Adjusting Entry Accounts Receivable 8

Hello in this lecture, we’re going to record an adjusting transaction related to accounts receivable. We’re going to record the journal entry over here on the left hand side and then post it to the trial balance on the right hand side trial balance and format of assets in green liabilities in orange equity in the light blue and the income statement in the darker blue including revenue and expenses, we’ll first walk through which accounts will be affected and then explain why that is the case. So we know that it is an adjusting entry and knowing that it’s an adjusting entry means it’s slightly different than a normal journal entry in that it does have two accounts like normal journal entries, but it also generally has one income statement account below the blue line and one balance sheet account above the blue line the light blue line, so it’s going to be one account above owner’s equity, one account below owner’s equity.


If we know that and we have the trial balance, we can kind of look for those accounts first, and then work from there. So we’re going to say okay, what accounts going to be related to accounts receivable in this case? How about accounts receivable and then on the income side In the account below the blue line, we’re gonna say what accounts can be related to accounts receivable a little bit more tricky to figure this out. And it kind of depends on what the wording of the problem would be. But typically the account related to accounts receivable is revenue, that’s going to be the income statement account that’s related to accounts receivable accounts receivable. So note, we can figure that out just by knowing it’s an adjusting entry and know when it’s related to accounts receivable. We can even know which way the accounts are going how well this is an income statement account down here, income statement accounts only go went one way they go up revenue has a credit balance represented by the bracket.


Therefore in order to make it go up, we’re going to do the same thing to it, which in this case would be a credit. So we’re going to credit revenue and if we’re going to credit revenue, then we’re going to have to debit the other account, which of course, we said is accounts receivable. So we know all that just by knowing it’s an adjusting entry related to accounts receivable without knowing really what’s going on. Now, let’s talk about what’s really going on. Why are we doing this. The thing that can be confusing about this in terms of an adjusting entry is that it looks just like and it is the same as a normal trend. transaction. When we make an a sale on account, if we did work on account, we would then issue an invoice. And normally when we invoice the client, that’s when we record this exact journal entry, we debit accounts receivable and credit sales. Why then hasn’t the accounting department done this, this seems like their job to do this type of journal entry. And what happens is there’s a timing difference, just like all the adjusting entry accounts.


And you can think about this in terms of like a legal office or a CPA office, where we have to gather the time together. Before we enter the invoice, we got to go through all the people in the office that worked on billable hours and put them together and then multiply that times the rate in order to get the invoice together to be sent out. Therefore, it’s very possible that the invoice went out, for example, in January next year, even though we’re making the financial statements as of 1231. And the work was done in December. So the work may have been done in December, but we didn’t build it until January. We’re not going to receive the cash until sometime after that of course because we sent the bill out and then we’re going to receive the cash Therefore, the accounting department did it right, it’s just that it took some time in order to issue the invoice.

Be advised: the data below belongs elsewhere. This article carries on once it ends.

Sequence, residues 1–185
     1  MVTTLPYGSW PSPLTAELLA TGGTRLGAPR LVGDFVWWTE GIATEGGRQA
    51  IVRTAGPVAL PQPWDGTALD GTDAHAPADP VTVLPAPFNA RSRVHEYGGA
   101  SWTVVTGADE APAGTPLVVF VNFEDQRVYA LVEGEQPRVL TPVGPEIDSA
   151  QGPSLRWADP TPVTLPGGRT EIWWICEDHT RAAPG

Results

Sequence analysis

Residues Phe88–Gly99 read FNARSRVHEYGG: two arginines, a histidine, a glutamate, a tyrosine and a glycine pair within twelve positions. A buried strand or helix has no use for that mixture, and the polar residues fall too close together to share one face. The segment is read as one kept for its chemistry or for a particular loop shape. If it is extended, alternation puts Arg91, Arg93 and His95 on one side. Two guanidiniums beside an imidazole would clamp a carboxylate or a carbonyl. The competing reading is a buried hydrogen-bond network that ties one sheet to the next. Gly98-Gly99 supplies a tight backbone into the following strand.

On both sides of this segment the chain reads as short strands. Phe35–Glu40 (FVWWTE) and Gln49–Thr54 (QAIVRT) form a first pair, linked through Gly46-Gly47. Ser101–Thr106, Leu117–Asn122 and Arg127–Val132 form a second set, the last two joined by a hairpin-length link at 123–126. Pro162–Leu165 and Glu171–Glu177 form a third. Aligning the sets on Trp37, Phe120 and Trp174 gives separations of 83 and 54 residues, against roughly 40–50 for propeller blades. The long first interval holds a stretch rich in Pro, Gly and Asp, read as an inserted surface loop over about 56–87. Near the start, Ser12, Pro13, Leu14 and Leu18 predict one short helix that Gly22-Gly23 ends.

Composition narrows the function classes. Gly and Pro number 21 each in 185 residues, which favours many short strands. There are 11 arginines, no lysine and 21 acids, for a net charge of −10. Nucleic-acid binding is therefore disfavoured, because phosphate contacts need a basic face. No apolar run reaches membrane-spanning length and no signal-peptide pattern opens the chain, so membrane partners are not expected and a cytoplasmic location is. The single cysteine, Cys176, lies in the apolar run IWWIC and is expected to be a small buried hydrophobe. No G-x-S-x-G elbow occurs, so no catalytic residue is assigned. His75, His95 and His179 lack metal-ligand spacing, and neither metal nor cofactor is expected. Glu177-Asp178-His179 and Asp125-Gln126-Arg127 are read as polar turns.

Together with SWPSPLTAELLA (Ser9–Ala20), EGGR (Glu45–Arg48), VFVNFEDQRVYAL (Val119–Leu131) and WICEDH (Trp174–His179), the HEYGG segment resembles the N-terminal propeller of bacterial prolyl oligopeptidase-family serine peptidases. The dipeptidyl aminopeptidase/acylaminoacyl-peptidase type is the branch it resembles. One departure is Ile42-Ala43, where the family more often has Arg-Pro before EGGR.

And we’ve got to pull that back into this time period, because we need to recognize revenue when it has been earned under the revenue recognition principle, that’s going to be the idea here. Now, they’re gonna usually just give us the number here, someone’s going to give us the number, we’re going to say that’s going to be that 4900. And what happened of course, what we’re saying here, that invoice did not yet go out, it went out next month. So that’s what is happening. And we’re gonna have to reverse this entry next month, so we don’t double count it but as of the cutoff date, we need to pull that income into the financial statements as of the cutoff date. Therefore, we’re going to debit the accounts receivable 4900 and the revenue by that 4900. If we post that out, then we have accounts receivable at 32,000 before we’re debiting a debit balance account by 4900.


Bringing the account up to 36,900. We have the revenue account at a credit of 327 350 we’re going to credit that account by the 4900 doing the same thing to it and revenue goes up as it always does to 330 to 250. We can look at the accounting equation assets went up, of course, because accounts receivable is an asset, and it increased, nothing happened to the orange liability accounts and that means that equity two has gone up why income went up, bringing net income up net income is part of total equity. Therefore total equity went up as well. If we consider just net income by itself at this point, we can see that we had net income before of 86 180 revenue credit minus expenses debits meaning credit credits, our winning income of 86 180 and then we brought it up by 4900 to 91,080 from this journal entry


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